Ancient Egypt was doubly fortunate and doubtless owed to this its fabled wealth, in that it possessed two activities, namely pyramid building as well as the search for precious metals, the fruits of which, since they could not serve the needs of man by being consumed, did not stale with abundance. The Middle Ages built cathedrals and sang dirges. Two pyramids, two masses for the dead, are twice as good as one; but not so two railways from London to York.You read that right: John Maynard Keynes thought that the building of the pyramids, e.g. the deliberate wasting of labor and resources, was in large part responsible for the wealth of ancient Egypt. You'd think that it would be obvious to any reasonably intelligent person that rampant waste would have a deleterious effect on an economy. You'd also think that a modern, advanced nation like the United States would have progressed beyond the primitive mentality of such an ancient civilization to the point that building gargantuan monuments for the deification of political leaders would seem like a preposterous idea. But you'd be wrong. More than a few have fallen for this kind of fallacy. In fact, a great many people will claim in all seriousness that a hurricane or a war help the economy by creating demand for repairs or weaponry. By this logic, we could all get rich by paying foreign armies to blow up our cities so that we could rebuild them. Evacuated beforehand, of course; otherwise, it would just be ridiculous. There are some (apparently quite brilliant) people who somehow manage to intuitively grasp the idea that the destruction of resources is not a good idea if one has a mind for increasing overall wealth. I trust that my reader is one of them. But somehow the idea of a central bank (e.g. a Federal Reserve) manipulating interest rates to keep an economy growing still makes sense to these folks, or at least confuses them enough that they can't be sure. The simple reality is that in doing so, the Fed is just instigating the building of pyramids by roundabout means. Let's take a look at it. Suppose that a business entity has looked into making a business venture in the interest of making a profit. This is one of those peculiar tendencies that businesses have. Plans are drawn up, and estimates are made of costs and profit. If there is a profit to be made, the plan will be undertaken and the business will make money, assuming they have planned and executed their plan well. The business has undertaken a constructive activity. If there is no profit, the venture will probably not be undertaken. Why? Because in the present business environment, in the real-world, open market as it stands, this activity is destructive of wealth, as reflected in profit and loss. A business that wants to grow wealth does not undertake destructive activities. Accounting helps with this estimation. Pretty simple. Now, enter our meddlesome central banker. He toggles the interest rate down a notch. Suddenly, the financing costs of business plans go down. A lot of those unprofitable plans look profitable. They are undertaken in the "new" business environment. See what is going on here? In the real world, these activities were known to be destructive. In the phony world distorted by central bankers, they look profitable. Central banks do nothing but monkey with accounting. They inflict Enron accounting on a national scale, with the net result that Enron-like activities are undertaken on a national scale. They look at an unprofitable, wealth-destructive situation, and think that they can render it otherwise in the real world by fudging the accounting. It doesn't take a rocket scientist to recognize that pretty much any artificial "stimulus" is pretty much the same thing: an attempt to render an unprofitable, wealth-destructive activity profitable on paper so that people will undertake it. Phony accounting cannot render any activity materially profitable in the real world. It cannot change reality. I do not think that this is a tremendously difficult concept to understand, yet apparently one can still manage to land a Nobel Prize by articulating ideas which fly in the face of such obvious common sense. How in the world is it that so many "smart" people become Keynesian, central banking apologists? I smell a conspiracy...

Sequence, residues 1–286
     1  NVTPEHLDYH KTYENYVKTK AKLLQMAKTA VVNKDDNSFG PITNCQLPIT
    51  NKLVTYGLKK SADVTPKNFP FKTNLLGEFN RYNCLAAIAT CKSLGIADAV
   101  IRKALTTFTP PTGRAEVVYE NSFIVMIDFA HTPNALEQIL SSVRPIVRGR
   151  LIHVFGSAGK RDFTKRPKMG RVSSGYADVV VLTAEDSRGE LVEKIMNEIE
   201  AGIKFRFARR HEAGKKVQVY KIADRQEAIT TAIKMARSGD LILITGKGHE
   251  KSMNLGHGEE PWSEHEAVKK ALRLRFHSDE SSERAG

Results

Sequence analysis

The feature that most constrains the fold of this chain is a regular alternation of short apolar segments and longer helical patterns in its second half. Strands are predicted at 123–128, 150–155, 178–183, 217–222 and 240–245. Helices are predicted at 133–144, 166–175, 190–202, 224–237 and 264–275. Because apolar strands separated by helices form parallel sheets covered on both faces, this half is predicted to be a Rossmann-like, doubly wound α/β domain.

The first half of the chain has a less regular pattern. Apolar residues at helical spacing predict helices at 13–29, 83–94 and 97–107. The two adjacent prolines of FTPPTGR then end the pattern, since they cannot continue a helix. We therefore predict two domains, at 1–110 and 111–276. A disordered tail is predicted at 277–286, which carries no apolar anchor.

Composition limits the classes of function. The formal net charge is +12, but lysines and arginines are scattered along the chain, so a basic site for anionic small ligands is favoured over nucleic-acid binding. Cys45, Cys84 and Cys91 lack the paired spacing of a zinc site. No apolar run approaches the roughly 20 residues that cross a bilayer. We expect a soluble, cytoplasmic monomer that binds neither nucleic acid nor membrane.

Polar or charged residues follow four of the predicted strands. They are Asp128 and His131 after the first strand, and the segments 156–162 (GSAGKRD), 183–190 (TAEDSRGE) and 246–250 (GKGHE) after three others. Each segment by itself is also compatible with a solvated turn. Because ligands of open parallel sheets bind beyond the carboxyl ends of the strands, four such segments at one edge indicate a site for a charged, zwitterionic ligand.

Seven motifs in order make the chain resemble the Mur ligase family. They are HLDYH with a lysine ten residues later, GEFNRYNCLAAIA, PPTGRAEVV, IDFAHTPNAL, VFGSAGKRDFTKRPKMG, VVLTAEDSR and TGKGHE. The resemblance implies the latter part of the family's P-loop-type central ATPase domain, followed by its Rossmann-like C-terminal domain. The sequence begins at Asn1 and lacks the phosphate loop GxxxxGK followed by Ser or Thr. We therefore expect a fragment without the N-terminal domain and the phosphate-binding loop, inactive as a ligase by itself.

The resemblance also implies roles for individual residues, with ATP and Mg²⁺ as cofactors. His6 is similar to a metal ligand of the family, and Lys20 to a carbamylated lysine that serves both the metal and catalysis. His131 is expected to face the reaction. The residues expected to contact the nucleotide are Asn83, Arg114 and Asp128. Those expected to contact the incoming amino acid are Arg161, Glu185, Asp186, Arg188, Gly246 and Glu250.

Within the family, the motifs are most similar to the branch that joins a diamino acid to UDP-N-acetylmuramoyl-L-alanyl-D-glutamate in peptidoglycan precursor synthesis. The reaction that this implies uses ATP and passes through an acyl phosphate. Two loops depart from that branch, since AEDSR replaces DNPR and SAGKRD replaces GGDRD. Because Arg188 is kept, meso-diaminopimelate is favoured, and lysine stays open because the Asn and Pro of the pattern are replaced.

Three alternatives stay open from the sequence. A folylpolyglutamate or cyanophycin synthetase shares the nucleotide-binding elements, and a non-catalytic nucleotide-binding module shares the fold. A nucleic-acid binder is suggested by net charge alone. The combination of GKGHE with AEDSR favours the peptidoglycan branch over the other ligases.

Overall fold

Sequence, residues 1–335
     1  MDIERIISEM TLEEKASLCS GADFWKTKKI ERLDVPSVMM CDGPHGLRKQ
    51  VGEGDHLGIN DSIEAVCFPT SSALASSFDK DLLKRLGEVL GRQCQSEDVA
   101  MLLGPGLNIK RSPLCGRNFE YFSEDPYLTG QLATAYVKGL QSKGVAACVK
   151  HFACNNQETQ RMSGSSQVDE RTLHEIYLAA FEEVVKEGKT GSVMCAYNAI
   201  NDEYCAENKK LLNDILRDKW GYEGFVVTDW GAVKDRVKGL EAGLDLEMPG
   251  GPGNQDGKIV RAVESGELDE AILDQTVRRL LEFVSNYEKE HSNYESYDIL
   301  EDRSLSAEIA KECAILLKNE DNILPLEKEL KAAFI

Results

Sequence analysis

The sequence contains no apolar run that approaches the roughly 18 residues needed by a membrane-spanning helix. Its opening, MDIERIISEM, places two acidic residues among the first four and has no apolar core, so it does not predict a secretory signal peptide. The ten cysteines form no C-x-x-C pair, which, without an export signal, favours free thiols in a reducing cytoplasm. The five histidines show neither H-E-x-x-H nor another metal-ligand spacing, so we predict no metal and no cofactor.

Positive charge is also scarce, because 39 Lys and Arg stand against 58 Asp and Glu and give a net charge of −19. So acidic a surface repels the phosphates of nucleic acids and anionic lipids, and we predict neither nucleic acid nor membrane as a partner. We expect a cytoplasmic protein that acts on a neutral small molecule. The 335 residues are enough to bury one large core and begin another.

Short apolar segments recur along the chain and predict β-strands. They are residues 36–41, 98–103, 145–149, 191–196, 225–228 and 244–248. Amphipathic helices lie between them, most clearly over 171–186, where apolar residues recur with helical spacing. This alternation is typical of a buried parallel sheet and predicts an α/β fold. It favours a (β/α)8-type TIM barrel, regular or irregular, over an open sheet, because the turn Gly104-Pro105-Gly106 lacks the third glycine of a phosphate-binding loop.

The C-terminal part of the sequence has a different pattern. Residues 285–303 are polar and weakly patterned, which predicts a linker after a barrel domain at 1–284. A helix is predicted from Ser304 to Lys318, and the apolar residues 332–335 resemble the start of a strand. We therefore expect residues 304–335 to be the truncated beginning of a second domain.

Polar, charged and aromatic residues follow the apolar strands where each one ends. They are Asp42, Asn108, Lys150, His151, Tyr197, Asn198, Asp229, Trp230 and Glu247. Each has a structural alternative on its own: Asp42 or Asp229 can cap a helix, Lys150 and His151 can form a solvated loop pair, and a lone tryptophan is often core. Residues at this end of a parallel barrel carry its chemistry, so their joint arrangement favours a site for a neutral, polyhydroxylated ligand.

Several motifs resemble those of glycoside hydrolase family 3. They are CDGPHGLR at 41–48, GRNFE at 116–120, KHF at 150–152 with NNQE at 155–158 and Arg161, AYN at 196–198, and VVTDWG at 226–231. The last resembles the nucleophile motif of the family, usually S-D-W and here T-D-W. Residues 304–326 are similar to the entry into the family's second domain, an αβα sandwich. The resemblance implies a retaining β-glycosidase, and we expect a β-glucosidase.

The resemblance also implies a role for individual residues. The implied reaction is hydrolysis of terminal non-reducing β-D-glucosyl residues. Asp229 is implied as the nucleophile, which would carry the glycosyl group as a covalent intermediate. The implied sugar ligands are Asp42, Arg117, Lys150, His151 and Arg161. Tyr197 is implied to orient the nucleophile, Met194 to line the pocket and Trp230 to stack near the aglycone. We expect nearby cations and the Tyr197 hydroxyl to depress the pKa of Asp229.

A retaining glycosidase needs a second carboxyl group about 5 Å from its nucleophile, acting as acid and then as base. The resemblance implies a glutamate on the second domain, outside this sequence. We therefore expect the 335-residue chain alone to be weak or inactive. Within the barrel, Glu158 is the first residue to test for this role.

Thursday, June 11, 2009
Keynes Kwote of the Day
I rant and rave all too frequently about just how stupid Keynesian economic theory is, but I thought that for once I'd let the man speak for himself: